RAIC opens access to Fee Guide

The RAIC Guide to Determining Appropriate Fees for the Services of an Architect is now freely accessible by anyone, public and professional alike, at no cost.

The RAIC Guide to Determining Appropriate Fees for the Services of an Architect (RAIC Fee Guide) is now freely accessible by anyone, public and professional alike, at no cost.
According to the RAIC, removing access restrictions “gives the architectural community the opportunity to reflect on the profession’s state of resilience, the upcoming salary challenges– felt by both employer and employee–and the rate and method by which we monetize design services for sustainability.”

“The amount of compensation paid to an architect for the provision of specific services has always been a challenging and polarizing discussion,” says the RAIC.

The RAIC further states that undervaluing design fees means betting a future against the existence of hyperinflation that will elevate the price of everything from software to hand soap, the Central Bank’s stated intention to raise interest rates, and more.

The organization suggests that it’s time to reconsider the current cultural biases inherent to the determination of fees, and adopt new business models and billing practices to empower learned, skilled, and licensed design professionals from internship to retirement.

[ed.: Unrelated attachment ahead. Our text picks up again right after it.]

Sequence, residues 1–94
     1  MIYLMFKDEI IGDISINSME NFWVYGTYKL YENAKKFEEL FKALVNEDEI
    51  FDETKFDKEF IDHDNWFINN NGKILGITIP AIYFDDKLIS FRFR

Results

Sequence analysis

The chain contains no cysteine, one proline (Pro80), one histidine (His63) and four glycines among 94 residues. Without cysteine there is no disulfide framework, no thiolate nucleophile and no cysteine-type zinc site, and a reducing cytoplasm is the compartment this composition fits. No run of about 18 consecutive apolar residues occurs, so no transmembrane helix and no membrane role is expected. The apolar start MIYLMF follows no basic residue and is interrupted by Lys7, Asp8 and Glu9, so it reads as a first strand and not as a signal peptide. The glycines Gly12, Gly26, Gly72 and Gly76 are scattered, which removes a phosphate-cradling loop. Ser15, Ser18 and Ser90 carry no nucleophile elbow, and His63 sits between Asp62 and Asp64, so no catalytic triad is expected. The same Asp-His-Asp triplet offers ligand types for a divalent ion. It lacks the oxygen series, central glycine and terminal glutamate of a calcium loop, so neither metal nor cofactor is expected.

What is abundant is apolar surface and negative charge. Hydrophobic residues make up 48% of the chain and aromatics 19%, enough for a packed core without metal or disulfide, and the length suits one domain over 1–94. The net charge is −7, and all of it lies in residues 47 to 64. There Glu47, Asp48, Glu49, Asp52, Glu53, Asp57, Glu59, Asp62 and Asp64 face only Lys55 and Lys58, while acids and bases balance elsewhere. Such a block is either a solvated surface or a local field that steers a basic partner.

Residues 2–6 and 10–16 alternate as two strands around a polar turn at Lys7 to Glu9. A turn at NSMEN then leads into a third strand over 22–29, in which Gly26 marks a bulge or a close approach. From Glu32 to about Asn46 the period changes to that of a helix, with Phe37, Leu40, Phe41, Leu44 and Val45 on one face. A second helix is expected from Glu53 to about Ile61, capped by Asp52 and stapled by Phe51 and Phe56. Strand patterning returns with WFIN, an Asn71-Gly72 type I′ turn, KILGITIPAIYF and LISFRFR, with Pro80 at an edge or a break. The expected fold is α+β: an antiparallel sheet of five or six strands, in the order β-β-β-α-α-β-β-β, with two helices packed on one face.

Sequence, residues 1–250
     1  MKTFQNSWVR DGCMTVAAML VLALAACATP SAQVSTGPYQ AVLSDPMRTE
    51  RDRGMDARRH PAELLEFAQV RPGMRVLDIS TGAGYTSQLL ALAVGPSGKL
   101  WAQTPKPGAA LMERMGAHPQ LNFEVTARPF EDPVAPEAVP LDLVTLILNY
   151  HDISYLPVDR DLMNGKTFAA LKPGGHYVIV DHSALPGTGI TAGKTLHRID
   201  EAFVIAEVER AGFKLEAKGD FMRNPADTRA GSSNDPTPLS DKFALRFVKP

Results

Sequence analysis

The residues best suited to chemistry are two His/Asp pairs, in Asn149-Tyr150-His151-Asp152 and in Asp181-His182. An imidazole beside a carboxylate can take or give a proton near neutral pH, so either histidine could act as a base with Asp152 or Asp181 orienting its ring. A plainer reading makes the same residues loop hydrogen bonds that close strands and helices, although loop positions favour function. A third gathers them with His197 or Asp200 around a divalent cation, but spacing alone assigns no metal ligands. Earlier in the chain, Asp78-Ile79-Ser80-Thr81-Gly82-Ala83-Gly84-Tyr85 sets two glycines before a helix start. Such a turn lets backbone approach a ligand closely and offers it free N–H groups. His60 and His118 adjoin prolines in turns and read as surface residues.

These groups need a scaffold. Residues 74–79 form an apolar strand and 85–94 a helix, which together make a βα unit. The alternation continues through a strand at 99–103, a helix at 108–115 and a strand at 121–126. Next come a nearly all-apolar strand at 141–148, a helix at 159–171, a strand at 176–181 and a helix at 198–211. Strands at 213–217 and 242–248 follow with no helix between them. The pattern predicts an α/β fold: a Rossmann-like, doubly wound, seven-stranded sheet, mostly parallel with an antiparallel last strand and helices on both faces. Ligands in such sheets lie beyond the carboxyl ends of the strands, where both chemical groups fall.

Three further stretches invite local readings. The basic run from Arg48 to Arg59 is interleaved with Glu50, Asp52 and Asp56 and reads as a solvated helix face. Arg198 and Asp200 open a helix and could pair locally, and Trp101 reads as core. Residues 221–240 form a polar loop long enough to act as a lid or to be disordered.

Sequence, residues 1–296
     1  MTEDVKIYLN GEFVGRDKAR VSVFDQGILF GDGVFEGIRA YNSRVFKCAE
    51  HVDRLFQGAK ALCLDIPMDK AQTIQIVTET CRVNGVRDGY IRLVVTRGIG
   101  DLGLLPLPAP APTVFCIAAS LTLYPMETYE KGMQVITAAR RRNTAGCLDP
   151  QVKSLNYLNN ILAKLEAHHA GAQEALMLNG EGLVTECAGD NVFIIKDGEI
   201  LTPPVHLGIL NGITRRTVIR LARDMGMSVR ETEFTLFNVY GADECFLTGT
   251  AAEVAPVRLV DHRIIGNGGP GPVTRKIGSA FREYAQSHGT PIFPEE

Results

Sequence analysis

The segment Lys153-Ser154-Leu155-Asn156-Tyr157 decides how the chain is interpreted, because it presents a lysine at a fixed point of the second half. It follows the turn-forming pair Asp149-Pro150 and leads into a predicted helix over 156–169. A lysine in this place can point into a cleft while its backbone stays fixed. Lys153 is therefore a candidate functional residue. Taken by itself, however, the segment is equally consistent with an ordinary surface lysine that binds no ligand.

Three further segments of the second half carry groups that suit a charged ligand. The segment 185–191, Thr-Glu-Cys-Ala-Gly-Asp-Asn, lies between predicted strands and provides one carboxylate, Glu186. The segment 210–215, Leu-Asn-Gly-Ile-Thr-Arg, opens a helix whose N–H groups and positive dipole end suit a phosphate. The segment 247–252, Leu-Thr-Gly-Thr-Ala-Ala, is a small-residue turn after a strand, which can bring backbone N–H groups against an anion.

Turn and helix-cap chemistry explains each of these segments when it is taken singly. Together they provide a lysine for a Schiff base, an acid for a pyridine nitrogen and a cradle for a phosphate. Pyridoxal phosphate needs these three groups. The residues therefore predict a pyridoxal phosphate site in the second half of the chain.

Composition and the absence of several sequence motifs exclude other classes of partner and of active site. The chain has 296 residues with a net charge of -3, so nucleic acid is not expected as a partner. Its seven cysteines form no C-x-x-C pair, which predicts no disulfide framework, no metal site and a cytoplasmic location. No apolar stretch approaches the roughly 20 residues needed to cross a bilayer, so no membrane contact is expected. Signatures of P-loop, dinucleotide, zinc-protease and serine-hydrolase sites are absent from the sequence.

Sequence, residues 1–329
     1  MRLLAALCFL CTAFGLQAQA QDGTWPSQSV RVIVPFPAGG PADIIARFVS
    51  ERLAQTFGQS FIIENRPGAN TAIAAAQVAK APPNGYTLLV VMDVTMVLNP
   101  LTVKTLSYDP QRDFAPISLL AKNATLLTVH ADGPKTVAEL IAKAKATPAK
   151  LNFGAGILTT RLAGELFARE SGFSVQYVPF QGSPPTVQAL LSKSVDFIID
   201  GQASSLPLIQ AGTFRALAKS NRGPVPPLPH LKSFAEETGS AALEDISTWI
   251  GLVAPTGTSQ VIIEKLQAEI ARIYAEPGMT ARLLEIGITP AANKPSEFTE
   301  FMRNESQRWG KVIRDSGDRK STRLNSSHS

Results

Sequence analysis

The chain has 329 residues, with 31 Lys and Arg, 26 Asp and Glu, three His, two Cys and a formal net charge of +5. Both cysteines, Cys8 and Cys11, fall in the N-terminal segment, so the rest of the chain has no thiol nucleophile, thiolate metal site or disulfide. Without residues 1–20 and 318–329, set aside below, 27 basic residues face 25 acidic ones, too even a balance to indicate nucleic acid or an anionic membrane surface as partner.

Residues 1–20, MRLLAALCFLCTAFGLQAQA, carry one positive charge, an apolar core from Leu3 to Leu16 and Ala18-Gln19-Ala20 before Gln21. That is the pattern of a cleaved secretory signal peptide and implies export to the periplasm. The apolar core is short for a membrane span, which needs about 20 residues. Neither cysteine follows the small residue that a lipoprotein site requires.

“While architects have no poverty of culture, they are displaying signs of a culture of poverty.  This manifests itself in interns not being paid a living wage that accounts for debts incurred from years of restricted income to mid-career professionals considering new career paths, and professionals having to extend careers past traditional retirement,” says the RAIC.

“The RAIC Fee Guide is not a salvation, but it may serve the profession well given that the offer sought by clients now extends beyond price, quality and service to include speed.  Providing quality-service and speed with an undervalued fee increases the likelihood that the architect’s personal income will be the residual left over after all other expenses are paid.  Architects are not residuals,” says the RAIC.

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